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Logo of procrsmedFormerly medchtJournal of the Royal Society of MedicineProceedings of the Royal Society of Medicine
Proc R Soc Med. 1941 September; 34(11): 691–692.
PMCID: PMC1998140

Experimental Concussion

(Section of Neurology)


The various hypotheses of the mechanism of coma resulting from cerebral trauma are discussed. Experimental evidence shows that there are two kinds of transient abolition of cerebral function by trauma—acceleration concussion, and compression concussion. The former is a passing paralysis which occurs in all brain-stem mechanisms examined and is brought about at and beyond a threshold value of change in velocity. A lesser degree of change causes momentary depression of function, a greater degree prolongs the phase of paralysis before recovery occurs. Movement of the head is necessary for the usual kind of concussion to occur, as also for contre-coup injury. Compression concussion has much more selective incidence on the respiratory centre, and appears to require an extreme crushing injury or penetration of the skull by a relatively large object. Acceleration concussion is that accompanying closed head injury and is not accompanied by any significant change in C.S.F. pressure. The cerebral blood flow is verv greatly increased in this variety owing to stimulation of the vagoglossopharyngeal nerves at the foramen magnum. With more severe blows subpial or intramedullary lesions may occur in this situation, indicating that distortion at the foramen magnum occurs. No evidence of vascular spasm or paralysis is found. An immediate brief rise of blood-pressure is due to stimulation of the vasomotor centre. Vagal effects may not appear until the traumatic paralysis of all centres begins to pass off. A delayed fall in blood-pressure lasting many minutes may follow severe vagal effects, and appears comparable to acute surgical shock as produced by intense stimulation of any other visceral nerve. Death occurs from failure of blood-pressure, an intensification of shock with shallow respiration and intense constriction of viscera.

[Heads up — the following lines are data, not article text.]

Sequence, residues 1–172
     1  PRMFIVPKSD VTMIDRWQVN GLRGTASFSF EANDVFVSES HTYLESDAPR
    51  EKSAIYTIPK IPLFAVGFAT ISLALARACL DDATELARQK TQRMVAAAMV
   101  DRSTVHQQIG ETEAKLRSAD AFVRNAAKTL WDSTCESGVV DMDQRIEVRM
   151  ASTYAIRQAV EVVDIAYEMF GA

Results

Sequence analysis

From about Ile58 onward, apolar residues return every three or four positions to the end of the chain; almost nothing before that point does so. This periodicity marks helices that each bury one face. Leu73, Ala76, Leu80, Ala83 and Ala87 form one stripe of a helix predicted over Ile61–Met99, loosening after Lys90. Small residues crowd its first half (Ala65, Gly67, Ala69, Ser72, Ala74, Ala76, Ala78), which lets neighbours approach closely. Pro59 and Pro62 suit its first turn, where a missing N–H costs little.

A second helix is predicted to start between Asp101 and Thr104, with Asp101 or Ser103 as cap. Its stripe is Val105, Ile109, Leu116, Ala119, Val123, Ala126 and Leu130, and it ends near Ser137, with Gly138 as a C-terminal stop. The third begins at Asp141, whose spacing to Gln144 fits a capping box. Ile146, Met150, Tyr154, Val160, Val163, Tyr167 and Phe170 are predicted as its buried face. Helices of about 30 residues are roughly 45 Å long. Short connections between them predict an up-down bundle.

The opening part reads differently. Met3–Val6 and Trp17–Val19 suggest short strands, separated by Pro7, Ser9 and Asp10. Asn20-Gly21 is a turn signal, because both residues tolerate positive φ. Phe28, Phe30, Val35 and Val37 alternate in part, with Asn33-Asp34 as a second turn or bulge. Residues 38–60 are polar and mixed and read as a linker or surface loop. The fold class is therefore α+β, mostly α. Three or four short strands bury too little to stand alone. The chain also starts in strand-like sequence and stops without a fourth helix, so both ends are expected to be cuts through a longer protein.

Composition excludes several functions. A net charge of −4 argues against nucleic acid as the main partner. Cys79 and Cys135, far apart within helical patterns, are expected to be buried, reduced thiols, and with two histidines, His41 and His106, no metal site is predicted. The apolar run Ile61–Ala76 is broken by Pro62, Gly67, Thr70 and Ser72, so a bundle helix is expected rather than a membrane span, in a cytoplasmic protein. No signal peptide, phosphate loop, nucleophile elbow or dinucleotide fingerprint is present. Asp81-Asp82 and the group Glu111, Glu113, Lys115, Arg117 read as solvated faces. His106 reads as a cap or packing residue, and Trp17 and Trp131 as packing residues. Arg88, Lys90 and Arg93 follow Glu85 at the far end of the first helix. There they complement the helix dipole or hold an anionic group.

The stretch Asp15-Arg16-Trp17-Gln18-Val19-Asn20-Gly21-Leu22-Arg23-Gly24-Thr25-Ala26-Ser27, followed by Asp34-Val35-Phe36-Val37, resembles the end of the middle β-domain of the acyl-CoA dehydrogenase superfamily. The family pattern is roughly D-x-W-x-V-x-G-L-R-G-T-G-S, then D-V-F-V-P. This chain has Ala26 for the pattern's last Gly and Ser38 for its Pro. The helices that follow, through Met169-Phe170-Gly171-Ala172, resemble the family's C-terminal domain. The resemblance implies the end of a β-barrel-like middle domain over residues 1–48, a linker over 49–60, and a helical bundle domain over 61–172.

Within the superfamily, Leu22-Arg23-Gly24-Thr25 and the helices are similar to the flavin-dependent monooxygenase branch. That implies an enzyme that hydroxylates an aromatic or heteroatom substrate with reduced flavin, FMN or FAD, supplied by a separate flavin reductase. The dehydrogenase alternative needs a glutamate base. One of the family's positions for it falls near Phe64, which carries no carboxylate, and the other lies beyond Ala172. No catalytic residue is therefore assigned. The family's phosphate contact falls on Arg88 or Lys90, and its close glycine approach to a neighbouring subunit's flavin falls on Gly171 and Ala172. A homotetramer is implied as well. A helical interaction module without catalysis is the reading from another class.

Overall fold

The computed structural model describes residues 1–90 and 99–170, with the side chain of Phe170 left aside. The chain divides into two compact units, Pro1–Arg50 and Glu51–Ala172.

It is concluded that sudden failure of what has been called the veno-pressor system is important in death shortly following experimental concussion. No macroscopical lesions are found, and histological examination shows no change with ordinary tissue stains. The unconsciousness of coma is believed to be related to direct traumatic paralysis of the cortical neurones and if their sensitivity to physical violence is similar to that of anæsthetics, prolonged impairment of function from this cause alone is possible. Clinical observations were related in support of these conclusions.

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